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6 workers splashed with toxic water at Japan nuclear plant as they remove pipe

  • fukushima-workers-file.jpg

    Nov. 12, 2011: In this file photo, workers in protective suits and masks wait to enter the emergency operation center at the crippled Fukushima Dai-ichi nuclear power station in Okuma, Japan as the media were allowed into Japan's tsunami-damaged nuclear power plant for the first time since the March 11 disaster. (AP/File)

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    Sept. 19, 2013: Japanese Prime Minister Shinzo Abe, left, sees off workers leaving for a patrol of tanks containing radioactive water after greeting them at the emergency operation center of the Tokyo Electric Power Co. (TEPCO) during his tour to the tsunami-crippled Fukushima Dai-ichi nuclear power plant in Okuma, Fukushima Prefecture, northeastern Japan. (AP)

Six workers at Japan's crippled nuclear power plant have been accidentally doused with highly radioactive water, the plant operator said Wednesday, adding to a growing list of mishaps that are shaking confidence in the utility's ability to handle the crisis.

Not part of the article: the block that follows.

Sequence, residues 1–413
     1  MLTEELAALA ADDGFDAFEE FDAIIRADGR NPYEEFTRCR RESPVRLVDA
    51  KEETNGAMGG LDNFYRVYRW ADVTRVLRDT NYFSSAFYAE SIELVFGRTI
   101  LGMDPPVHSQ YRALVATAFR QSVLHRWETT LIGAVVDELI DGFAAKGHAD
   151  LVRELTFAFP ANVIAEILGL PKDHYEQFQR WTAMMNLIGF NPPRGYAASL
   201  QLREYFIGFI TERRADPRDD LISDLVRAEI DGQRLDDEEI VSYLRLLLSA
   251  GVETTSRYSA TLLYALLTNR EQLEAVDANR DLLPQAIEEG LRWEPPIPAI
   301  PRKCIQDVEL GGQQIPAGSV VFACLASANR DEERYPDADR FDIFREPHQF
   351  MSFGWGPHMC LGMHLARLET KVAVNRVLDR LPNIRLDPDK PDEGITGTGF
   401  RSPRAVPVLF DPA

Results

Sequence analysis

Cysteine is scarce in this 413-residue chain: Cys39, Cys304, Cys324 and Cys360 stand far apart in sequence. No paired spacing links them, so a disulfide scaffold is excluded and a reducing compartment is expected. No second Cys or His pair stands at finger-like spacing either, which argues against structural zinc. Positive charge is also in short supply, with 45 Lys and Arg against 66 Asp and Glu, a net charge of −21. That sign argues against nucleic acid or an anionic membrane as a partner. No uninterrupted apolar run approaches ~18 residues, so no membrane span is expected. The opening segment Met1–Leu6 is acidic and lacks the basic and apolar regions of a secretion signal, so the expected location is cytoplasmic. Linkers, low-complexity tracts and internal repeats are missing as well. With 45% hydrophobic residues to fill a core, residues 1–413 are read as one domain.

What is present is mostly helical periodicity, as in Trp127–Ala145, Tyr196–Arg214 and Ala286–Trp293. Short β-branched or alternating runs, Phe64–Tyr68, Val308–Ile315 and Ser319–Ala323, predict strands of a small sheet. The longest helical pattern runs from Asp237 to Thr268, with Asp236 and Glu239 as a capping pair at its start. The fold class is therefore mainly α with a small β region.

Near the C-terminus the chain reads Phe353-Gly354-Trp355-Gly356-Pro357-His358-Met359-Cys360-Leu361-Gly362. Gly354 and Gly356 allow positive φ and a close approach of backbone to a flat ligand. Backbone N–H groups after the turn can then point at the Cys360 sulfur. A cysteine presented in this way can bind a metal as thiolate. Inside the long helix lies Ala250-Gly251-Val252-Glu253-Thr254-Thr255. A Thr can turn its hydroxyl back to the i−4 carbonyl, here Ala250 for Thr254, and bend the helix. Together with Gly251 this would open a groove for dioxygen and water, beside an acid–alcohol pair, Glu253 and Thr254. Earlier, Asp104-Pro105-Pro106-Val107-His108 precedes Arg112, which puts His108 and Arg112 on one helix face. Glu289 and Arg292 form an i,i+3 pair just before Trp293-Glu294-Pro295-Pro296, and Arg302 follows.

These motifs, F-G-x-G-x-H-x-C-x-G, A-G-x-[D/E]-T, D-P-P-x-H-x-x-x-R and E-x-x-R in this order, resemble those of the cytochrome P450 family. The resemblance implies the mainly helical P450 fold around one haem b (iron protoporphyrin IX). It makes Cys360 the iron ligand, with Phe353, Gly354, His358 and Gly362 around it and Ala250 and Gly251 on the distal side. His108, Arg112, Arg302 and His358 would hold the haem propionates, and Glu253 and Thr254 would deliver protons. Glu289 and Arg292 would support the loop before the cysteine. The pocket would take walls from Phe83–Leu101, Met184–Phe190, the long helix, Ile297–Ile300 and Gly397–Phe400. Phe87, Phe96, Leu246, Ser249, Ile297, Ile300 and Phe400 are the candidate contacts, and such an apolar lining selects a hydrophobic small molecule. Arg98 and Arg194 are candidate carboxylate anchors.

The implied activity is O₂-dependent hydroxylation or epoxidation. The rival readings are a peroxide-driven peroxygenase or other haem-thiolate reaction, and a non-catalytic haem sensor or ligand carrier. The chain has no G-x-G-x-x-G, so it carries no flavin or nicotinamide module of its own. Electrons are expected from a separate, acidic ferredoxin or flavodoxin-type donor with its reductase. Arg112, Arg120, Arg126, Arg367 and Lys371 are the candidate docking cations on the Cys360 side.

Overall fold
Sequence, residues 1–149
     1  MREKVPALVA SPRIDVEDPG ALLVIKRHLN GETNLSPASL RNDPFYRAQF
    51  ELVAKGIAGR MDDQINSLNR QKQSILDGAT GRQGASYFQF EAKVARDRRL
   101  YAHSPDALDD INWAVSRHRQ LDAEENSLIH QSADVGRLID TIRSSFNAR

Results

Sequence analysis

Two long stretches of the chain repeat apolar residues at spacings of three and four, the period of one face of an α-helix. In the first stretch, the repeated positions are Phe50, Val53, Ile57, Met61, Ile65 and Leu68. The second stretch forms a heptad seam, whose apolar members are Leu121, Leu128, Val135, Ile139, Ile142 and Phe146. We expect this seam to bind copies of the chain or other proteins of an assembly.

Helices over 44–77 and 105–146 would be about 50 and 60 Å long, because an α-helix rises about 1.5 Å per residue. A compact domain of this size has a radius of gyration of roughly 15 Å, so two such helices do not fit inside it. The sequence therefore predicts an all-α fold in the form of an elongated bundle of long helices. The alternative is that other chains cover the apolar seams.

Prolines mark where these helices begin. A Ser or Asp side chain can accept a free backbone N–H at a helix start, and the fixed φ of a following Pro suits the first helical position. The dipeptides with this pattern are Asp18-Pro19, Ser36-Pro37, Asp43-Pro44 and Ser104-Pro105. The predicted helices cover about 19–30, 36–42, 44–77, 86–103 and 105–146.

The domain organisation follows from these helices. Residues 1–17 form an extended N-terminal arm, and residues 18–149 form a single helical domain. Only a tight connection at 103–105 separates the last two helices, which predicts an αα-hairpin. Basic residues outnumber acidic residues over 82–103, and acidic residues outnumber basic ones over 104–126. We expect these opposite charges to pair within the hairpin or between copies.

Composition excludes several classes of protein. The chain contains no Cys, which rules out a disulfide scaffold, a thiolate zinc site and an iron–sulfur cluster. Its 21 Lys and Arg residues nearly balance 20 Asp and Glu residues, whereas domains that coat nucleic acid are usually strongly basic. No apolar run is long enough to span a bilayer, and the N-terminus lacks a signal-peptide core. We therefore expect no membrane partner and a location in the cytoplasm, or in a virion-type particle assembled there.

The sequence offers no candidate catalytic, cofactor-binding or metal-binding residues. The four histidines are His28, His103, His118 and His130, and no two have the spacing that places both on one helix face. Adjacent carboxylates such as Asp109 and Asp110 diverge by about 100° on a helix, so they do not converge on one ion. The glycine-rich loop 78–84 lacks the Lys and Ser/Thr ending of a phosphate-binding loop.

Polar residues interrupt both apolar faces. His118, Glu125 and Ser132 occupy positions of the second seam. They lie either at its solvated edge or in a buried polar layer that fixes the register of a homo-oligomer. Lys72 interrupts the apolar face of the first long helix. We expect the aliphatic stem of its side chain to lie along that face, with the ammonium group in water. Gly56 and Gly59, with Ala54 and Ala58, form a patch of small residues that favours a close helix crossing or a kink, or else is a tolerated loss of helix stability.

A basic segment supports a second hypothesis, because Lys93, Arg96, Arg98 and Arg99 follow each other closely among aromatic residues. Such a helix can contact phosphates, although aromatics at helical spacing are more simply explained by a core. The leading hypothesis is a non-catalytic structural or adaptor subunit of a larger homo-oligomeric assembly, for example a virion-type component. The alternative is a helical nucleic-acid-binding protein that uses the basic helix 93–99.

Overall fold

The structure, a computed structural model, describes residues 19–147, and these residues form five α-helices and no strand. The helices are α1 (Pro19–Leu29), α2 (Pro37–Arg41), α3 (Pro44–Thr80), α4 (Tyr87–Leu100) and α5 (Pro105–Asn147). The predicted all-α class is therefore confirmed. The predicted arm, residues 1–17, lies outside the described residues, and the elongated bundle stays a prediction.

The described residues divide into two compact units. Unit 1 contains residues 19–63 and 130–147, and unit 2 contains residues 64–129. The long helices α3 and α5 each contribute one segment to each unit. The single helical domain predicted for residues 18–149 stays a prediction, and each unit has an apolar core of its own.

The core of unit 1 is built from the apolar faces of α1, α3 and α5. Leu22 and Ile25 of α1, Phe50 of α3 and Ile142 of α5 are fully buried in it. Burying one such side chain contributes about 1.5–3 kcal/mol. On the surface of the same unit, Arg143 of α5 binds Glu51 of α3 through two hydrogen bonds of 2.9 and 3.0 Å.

The workers removed the wrong pipe from equipment at the plant, sending toxic water spilling onto them and the entire floor of the facility housing a set of three units designed for primary, partial water treatment, said Yoshimi Hitosugi, the spokesman for Fukushima Dai-ichi nuclear plant operator Tokyo Electric Power Co.

Exposure to the workers, who were wearing face masks with filters, protective hazmat suits and raingear, is believed minor but still under investigation, Hitosugi said. The six were part of an 11-member team, and the remaining five were not splashed, he said. The workers managed to reattach the pipe.

The accident is the latest in a spate of leaks and other problems caused by human error that have added to public criticism of TEPCO's handling of the crisis at the Fukushima Dai-ichi, which is still in precarious condition since its triple meltdowns following the March 2011 earthquake and tsunami.

In order to keep the melted reactors cool, they must be continuously doused with water that then becomes contaminated with radiation and must be pumped out and stored in tanks at the site.

Last week, workers overfilled a storage tank without fully checking water levels, causing a leak, possibly to the sea.

In August, the utility reported a 300-ton leak from another storage tank. That came after the utility and the government acknowledged that contaminated groundwater was seeping into ocean at a rate of 300 tons a day for some time.

Japan's Nuclear Regulation Authority Chairman Shunichi Tanaka said repeated mishaps could be a sign of the harsh work environment.

"Careless mistakes are often linked to (declining) morale," Tanaka said a regular news conference. "People usually don't make silly, careless mistakes when working in positive environment and motivated. The lack of it, I think, may be related to the recent problems."